1917-01-01
Technical Paper
170048
PHILIP L. SCOTT
The author, from a first-hand study of this engine in the laboratory of Professor Junkers, traces the progress of the developmental work, and discusses the methods of operating the engine, its present status, its application to airplanes, trucks and tractors, details of marine and stationary types, fuel, advantages of and objections to the double-piston construction, and describes at some length the various parts entering into the construction of this type of engine. In conclusion, he summarizes the fundamental advantages of the Junkers engine.
1917-01-01
Technical Paper
170001
V. E. CLARK, T. F. DODD, O. E. STRAHLMANN
The authors advance for discussion some important problems in the construction of airplanes for military use in this country. The functions of military airplanes designed for strategical and tactical reconnaissance, control of artillery fire and for pursuit are outlined. Problems in construction with reference to the two-propeller system, methods of reducing vibration, application of starting motors, details of the gasoline supply-system, metal construction for airplanes, flexible piping, desirable characteristics of mufflers, shock absorbers, landing gear, fire safety-devices, control of cooling-water temperature, variable camber wings, variable pitch propellers and propeller stresses, are all given consideration. The paper is concluded with suggestions for improvement in design relating to the use of bearing shims, the rigidity of crankcase castings, interchangeability of parts and better detail construction in the oiling, ignition, fuel supply and cooling systems.
1917-01-01
Technical Paper
170002
H. L. HORNING
It is the purpose of the author to analyze some of the factors that have influenced tractor development. He reviews a number of factors on which the usefulness of tractors depends, showing what the farmer is interested in when buying tractors and how the design should be worked out to secure the greatest general efficiency. The paper then mentions certain general specifications that are required by tractor engines. The author finds that the conditions on about 90 per cent of all farms require a four-cylinder engine of between 16 and 40 hp., operating on the four-stroke cycle. The disadvantages of the two-cylinder horizontal-opposed engine are summarized. An empirical formula is given that can be used to calculate the most satisfactory operating speed of an engine. In concluding the paper a number of the most important general themes of design are outlined. Particular mention is made of the lubrication system and of the special provisions required for kerosene burning engines.
1917-01-01
Technical Paper
170003
WALTER T. FISHLEIGH, W. E. LAY
The authors outline some of the problems that confront the automobile engineer today, showing how the demand for better performance and economy and the ever-increasing cost of volatile fuels has emphasized the necessity for thorough engineering work in the successful automobile manufacturing plant. Believing that the accurate analysis of the heat distribution in a modern automobile engine will be of great value, the authors describe a comprehensive test, made under their direction, of such an engine. This test includes measurements of the brake horsepower, friction horsepower, fuel consumption and heat losses to jackets, exhaust and cooling air. The engine tested was inclosed in a hood, similar to that used on the car in normal service and an air blast was directed through this hood at speeds approximating those at which the engine would drive a car with a given gear ratio.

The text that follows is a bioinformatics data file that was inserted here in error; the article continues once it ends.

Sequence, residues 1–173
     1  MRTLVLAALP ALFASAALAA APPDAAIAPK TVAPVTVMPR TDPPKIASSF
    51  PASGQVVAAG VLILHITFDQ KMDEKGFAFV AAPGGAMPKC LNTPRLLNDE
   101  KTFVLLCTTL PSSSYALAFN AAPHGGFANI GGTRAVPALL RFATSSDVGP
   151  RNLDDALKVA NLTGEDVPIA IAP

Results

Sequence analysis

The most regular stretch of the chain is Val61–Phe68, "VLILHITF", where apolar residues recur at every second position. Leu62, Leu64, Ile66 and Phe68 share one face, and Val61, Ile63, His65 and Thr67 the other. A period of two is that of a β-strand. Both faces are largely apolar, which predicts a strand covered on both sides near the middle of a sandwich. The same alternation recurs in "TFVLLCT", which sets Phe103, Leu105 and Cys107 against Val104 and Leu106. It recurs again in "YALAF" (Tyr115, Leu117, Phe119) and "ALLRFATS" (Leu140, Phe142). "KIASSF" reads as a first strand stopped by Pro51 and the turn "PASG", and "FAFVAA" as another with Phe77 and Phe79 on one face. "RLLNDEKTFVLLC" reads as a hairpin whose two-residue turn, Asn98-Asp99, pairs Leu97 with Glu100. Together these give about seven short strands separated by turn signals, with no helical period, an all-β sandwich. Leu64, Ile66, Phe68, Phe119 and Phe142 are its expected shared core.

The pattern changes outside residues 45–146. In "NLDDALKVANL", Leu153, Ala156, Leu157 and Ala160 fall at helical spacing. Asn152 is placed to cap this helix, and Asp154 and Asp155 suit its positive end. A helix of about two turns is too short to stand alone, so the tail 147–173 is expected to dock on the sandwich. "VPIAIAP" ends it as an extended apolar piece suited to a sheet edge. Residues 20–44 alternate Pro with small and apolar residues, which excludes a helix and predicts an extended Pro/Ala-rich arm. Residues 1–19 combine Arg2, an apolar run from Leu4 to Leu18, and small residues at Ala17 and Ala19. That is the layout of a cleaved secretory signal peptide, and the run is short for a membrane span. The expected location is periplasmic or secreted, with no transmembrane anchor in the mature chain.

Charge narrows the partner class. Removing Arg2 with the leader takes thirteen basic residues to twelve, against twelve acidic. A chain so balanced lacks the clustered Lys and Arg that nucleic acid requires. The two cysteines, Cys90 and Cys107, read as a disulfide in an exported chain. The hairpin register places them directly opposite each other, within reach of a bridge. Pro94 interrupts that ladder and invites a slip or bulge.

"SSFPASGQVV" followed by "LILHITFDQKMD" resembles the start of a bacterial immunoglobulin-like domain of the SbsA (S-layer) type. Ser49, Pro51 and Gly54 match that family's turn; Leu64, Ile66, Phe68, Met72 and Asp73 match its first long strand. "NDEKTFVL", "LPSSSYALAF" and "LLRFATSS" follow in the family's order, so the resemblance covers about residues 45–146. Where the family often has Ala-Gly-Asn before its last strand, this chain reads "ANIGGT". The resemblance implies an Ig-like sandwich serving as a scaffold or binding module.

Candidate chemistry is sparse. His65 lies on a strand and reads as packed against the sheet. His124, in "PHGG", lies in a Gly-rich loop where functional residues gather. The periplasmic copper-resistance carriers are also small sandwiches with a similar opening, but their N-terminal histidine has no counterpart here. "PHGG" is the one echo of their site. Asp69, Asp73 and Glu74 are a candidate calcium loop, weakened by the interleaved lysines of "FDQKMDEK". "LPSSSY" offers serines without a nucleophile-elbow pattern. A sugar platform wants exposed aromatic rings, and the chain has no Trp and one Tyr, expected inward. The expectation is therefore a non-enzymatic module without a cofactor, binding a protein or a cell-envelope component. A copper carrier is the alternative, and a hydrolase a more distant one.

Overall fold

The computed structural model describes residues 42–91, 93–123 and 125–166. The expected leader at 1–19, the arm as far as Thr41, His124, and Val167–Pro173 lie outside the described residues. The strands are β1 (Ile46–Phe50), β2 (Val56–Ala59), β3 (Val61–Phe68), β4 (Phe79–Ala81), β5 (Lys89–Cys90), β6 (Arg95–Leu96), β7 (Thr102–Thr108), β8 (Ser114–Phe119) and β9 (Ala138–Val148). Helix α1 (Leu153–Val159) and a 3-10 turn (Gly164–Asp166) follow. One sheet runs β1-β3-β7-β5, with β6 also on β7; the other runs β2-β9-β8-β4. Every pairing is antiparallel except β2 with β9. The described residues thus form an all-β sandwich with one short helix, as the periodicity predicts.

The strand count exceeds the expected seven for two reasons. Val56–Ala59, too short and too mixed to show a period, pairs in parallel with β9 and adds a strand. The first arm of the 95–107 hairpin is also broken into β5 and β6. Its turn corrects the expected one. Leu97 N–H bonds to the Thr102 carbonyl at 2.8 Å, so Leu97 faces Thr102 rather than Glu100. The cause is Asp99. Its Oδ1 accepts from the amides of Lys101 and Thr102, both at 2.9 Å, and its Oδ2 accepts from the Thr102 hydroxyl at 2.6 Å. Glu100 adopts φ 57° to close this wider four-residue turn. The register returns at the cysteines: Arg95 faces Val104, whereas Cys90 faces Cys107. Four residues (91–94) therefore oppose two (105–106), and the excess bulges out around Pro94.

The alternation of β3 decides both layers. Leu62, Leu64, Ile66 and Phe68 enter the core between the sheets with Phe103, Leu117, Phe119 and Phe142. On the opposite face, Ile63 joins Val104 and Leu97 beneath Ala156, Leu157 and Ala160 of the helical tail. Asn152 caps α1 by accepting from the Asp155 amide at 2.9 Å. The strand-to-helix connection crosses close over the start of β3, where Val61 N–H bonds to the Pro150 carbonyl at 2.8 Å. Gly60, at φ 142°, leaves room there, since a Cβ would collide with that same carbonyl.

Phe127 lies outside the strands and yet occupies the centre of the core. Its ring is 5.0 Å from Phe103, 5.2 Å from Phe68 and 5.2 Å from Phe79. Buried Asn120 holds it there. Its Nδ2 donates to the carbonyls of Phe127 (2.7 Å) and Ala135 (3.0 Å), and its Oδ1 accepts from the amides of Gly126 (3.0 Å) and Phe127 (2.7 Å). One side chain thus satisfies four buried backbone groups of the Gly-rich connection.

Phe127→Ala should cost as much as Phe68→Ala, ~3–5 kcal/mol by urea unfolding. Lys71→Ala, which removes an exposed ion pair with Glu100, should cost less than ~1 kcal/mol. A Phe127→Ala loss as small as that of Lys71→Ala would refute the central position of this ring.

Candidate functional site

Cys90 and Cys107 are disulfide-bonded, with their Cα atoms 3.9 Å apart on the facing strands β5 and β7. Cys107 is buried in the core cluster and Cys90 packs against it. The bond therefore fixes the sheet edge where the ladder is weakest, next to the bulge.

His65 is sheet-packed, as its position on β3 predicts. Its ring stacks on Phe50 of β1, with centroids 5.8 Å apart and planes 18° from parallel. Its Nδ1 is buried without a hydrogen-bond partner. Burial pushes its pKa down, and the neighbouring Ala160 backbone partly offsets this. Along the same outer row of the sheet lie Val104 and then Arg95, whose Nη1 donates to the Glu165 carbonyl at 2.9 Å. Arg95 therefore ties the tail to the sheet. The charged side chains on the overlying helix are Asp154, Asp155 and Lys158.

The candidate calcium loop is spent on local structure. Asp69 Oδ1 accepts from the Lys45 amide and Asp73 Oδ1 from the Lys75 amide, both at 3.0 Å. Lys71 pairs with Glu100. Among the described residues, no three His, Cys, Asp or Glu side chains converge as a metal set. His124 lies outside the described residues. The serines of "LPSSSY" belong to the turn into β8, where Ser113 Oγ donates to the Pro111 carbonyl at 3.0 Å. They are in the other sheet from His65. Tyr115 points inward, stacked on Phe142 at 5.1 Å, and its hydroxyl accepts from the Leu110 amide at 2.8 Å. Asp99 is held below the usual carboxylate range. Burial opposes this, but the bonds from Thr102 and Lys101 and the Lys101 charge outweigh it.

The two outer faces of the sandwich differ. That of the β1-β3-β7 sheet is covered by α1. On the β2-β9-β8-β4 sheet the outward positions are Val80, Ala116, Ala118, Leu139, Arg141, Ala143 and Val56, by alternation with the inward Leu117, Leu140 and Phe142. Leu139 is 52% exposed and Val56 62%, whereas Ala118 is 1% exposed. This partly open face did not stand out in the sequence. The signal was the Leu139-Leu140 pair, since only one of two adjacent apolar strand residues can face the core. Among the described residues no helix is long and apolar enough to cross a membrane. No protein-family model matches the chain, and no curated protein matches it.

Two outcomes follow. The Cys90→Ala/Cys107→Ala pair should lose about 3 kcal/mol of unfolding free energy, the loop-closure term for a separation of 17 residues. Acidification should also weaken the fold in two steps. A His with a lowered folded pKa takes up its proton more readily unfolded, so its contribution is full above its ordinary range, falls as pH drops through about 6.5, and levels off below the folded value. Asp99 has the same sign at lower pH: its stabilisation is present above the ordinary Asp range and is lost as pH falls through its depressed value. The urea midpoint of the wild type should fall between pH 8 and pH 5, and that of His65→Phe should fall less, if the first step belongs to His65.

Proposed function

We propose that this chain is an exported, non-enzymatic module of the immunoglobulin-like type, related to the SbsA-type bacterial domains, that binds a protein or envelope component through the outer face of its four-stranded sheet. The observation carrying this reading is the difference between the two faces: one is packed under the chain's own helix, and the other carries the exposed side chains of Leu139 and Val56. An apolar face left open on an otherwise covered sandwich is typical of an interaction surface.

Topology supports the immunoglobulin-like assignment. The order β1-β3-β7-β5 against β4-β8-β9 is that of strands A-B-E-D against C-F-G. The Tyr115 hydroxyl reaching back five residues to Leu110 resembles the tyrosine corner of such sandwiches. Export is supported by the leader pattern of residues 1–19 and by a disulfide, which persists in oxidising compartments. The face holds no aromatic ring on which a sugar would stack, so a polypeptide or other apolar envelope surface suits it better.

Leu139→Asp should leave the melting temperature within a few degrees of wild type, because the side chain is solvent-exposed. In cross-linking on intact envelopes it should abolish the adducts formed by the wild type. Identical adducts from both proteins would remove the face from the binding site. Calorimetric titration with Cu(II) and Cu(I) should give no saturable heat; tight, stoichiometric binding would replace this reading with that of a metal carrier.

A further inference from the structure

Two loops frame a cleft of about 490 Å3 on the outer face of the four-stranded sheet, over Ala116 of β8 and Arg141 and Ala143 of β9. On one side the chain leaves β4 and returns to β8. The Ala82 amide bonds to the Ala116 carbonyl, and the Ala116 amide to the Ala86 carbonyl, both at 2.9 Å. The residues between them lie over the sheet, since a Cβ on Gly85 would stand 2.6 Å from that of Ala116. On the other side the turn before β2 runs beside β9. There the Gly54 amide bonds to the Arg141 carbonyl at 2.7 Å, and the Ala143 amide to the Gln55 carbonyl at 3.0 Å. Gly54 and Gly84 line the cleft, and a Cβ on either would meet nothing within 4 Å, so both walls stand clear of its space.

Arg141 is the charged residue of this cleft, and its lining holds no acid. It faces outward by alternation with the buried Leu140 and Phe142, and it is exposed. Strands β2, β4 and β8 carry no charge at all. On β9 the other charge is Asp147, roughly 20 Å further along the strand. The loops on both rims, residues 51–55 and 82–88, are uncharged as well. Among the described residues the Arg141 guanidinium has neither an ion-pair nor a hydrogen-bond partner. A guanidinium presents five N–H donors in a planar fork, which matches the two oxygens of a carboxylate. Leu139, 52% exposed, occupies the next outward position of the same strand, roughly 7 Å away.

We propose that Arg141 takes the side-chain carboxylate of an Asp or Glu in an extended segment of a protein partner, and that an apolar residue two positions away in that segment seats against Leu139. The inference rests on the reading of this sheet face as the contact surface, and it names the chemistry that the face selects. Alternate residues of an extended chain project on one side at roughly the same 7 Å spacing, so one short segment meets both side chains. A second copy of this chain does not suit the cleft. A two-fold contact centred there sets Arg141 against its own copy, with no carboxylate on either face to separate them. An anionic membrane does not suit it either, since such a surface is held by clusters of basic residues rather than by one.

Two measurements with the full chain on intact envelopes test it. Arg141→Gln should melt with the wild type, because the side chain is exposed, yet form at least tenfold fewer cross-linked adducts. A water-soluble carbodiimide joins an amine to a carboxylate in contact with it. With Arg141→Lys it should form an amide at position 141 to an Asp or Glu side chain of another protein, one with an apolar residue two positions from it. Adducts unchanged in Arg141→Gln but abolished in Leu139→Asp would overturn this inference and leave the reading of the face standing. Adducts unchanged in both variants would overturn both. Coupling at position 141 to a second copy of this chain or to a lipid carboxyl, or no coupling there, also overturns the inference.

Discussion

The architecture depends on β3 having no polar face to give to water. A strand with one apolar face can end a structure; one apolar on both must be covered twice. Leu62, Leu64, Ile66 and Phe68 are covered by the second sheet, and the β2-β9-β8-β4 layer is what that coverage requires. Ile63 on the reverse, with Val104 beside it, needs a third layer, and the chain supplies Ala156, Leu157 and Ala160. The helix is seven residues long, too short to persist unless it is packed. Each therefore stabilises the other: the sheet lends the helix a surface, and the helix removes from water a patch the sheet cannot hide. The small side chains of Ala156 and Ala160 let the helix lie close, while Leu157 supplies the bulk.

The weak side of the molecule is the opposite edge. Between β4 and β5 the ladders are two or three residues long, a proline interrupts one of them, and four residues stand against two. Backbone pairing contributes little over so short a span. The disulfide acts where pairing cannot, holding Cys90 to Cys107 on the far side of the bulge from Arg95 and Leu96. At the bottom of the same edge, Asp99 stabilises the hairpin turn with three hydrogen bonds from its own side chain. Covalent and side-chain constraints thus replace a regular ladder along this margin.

1916-01-01
Technical Paper
160018
ARTHUR M. DEAN
1916-01-01
Technical Paper
160019
RUSSELL HUFF
The author has selected fourteen automobiles on which to make a study of the factors of safety used in their design. He considers specifically the front axles, front-wheel spindles, propeller-shafts, clutch-shafts, transmission drive-shafts and rear-axle drive-shafts. The method of calculating the stresses is outlined; compositions of the steels used are given; and complete data are presented showing the factors of safety of the various parts, together with the intermediate figures used in obtaining the factors.
1916-01-01
Technical Paper
160020
D. L. GALLUP
The author points out the diversity of opinion on what constitutes desirable car performance in the minds of engineers and of the public generally. He believes this is largely due to the great diversity of claims which have been made in advertising literature and decries the sort of tests which have been made the basis of this publicity, pointing out that a majority of them are conducted under such conditions as make it practically impossible for the car owner ever to duplicate or confirm them. The kind of an expression or test which will inform the buying public most is one which will tell what the car will do in the hands of the average owner, and define the conditions under which a demonstration of this ability can be made, such conditions to be relatively simple and easy of fulfillment.